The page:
U.S. Economy Improves in 2018 Despite More Teens Disconnected From School and Work

Posted November 16, 2019
By the Annie E. Casey Foundation
Updates moreteensarenotinschool 2019

There’s no short­age of data indi­cat­ing that the nation’s econ­o­my has con­tin­ued to recov­er since the end of the Great Reces­sion. One exam­ple: The medi­an income for house­holds with chil­dren jumped $2,800 from 2017 to 2018 — the eighth straight year that this fig­ure has risen, accord­ing to recent­ly released Amer­i­can Com­mu­ni­ty Sur­vey (ACS) data.

Yet, ACS data on teens who are not in school and not work­ing — i.e. dis­con­nect­ed youth — is less encouraging.

The per­cent­age of 16- to 19-year-olds with­in this cat­e­go­ry has held steady at 7% since 2014. How­ev­er, the num­ber of dis­con­nect­ed youth in Amer­i­ca has grown for the first time since 2010 — to 1,186,000 teens in 2018.

The con­se­quences of sev­er­ing ties to school and work are real and long-last­ing. Dis­con­nect­ed youth face a dif­fi­cult climb to finan­cial sta­bil­i­ty and job secu­ri­ty, and the young par­ents among them face an even steep­er road into adulthood.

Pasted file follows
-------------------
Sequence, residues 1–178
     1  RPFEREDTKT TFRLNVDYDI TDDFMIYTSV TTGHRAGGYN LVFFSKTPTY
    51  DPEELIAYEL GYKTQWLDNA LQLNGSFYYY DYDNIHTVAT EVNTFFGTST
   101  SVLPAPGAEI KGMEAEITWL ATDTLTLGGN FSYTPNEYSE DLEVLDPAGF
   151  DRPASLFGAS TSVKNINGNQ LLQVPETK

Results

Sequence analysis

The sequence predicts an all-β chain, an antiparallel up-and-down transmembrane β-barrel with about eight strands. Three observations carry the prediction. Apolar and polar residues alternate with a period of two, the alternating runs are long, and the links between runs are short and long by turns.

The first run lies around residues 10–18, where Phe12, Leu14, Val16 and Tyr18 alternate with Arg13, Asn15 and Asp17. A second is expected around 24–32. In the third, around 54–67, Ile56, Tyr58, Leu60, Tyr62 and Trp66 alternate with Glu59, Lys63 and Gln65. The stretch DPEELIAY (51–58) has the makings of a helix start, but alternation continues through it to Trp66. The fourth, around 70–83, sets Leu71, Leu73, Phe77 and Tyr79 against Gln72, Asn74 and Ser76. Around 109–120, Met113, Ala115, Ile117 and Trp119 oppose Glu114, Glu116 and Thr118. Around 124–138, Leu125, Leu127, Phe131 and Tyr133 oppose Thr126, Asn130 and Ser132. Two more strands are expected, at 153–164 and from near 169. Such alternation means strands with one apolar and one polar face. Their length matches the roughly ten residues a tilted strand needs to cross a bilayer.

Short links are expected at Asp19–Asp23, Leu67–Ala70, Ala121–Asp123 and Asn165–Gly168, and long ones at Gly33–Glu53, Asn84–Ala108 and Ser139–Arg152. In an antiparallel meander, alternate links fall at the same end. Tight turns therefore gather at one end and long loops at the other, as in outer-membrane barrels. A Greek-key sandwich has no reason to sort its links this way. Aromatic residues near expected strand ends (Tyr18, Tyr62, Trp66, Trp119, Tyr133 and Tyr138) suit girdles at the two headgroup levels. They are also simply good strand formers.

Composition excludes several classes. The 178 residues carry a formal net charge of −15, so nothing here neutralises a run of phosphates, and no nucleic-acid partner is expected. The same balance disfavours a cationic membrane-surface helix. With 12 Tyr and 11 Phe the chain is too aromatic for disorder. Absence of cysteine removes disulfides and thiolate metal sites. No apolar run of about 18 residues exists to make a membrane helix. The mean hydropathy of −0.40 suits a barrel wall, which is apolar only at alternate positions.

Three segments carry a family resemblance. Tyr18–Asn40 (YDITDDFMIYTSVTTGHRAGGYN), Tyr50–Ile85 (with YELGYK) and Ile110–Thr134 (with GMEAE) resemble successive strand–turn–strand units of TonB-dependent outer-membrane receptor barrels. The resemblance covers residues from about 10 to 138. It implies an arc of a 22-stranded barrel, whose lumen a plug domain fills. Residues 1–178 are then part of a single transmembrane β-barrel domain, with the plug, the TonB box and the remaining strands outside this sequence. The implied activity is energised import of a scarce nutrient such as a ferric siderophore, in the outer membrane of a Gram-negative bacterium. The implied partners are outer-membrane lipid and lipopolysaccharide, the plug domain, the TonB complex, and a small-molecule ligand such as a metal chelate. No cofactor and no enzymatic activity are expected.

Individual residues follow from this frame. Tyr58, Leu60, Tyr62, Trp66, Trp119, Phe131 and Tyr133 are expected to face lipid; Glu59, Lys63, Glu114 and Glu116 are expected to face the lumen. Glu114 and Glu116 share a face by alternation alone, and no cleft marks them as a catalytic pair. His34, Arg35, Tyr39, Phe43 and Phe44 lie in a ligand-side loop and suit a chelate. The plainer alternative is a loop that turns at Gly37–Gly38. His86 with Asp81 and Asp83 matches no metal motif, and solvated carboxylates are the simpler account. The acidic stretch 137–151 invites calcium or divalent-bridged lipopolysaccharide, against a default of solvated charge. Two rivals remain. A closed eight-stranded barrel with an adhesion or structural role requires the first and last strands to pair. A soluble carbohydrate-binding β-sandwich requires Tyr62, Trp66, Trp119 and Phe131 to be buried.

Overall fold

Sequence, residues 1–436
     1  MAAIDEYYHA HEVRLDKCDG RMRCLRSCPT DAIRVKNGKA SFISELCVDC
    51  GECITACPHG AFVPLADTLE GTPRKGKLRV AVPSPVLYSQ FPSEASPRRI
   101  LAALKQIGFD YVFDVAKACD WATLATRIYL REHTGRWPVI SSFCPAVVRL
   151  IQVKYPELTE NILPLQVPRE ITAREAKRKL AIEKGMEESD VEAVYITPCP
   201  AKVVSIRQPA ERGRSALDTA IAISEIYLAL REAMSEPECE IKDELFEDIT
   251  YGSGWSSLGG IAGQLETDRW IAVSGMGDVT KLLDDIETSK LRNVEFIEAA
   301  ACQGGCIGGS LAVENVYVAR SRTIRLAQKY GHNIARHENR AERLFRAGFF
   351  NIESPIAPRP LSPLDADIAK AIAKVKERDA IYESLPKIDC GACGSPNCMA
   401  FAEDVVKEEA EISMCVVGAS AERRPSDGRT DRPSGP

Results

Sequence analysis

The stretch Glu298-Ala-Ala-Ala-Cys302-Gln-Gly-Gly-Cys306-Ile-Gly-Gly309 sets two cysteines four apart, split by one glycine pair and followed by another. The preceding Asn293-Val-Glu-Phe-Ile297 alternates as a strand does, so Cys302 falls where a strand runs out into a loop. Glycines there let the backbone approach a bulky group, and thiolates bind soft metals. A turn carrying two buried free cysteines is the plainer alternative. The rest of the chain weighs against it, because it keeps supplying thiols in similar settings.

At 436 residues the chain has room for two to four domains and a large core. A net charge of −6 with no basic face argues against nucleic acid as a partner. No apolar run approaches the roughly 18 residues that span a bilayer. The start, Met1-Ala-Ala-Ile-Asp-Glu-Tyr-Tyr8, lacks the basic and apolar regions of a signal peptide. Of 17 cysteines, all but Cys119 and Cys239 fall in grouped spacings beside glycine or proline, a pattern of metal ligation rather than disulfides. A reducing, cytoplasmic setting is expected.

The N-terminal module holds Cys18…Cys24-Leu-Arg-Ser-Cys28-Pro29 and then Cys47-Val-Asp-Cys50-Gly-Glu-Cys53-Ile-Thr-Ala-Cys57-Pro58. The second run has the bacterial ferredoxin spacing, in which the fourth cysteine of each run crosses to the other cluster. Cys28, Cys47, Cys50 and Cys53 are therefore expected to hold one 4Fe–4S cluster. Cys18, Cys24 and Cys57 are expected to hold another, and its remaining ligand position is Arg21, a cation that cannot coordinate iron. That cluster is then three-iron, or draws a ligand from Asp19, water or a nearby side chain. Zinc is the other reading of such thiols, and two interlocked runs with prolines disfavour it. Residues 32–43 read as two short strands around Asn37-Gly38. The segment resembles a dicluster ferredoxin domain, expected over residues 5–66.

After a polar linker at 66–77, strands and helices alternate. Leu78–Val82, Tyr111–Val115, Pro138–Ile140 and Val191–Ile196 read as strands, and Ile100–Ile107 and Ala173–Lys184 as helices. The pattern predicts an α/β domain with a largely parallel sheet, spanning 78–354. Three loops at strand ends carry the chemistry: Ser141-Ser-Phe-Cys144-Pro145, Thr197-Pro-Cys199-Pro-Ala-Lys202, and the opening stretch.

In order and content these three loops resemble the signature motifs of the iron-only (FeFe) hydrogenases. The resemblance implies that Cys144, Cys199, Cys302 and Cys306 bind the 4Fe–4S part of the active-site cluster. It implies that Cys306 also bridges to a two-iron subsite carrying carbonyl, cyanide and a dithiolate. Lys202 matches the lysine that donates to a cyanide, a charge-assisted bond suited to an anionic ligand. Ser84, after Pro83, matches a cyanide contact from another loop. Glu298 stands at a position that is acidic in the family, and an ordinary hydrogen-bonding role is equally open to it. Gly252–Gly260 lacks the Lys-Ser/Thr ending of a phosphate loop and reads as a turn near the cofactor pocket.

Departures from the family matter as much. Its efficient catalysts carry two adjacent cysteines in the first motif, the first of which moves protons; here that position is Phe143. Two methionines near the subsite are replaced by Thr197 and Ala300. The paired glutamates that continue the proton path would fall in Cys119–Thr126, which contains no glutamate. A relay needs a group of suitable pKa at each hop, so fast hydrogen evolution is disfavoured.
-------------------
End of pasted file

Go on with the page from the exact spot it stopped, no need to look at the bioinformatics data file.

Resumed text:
Rates of dis­con­nec­tion are high­est in the South and West, accord­ing to state-lev­el data. Six states — New Mex­i­co (12%), West Vir­ginia (12%), Louisiana (11%), Alas­ka (10%), Arkansas (10%) and Mis­sis­sip­pi (10%) — are most like­ly to have 16- to 19-year-olds not in school and not work­ing. In Puer­to Rico, 13% of all teens fit this statistic.

Com­par­a­tive­ly, just 3% of youth in Rhode Island are both unem­ployed and out of school and one state — Ver­mont — has too few dis­con­nect­ed teens to reli­ably cal­cu­late a rate.

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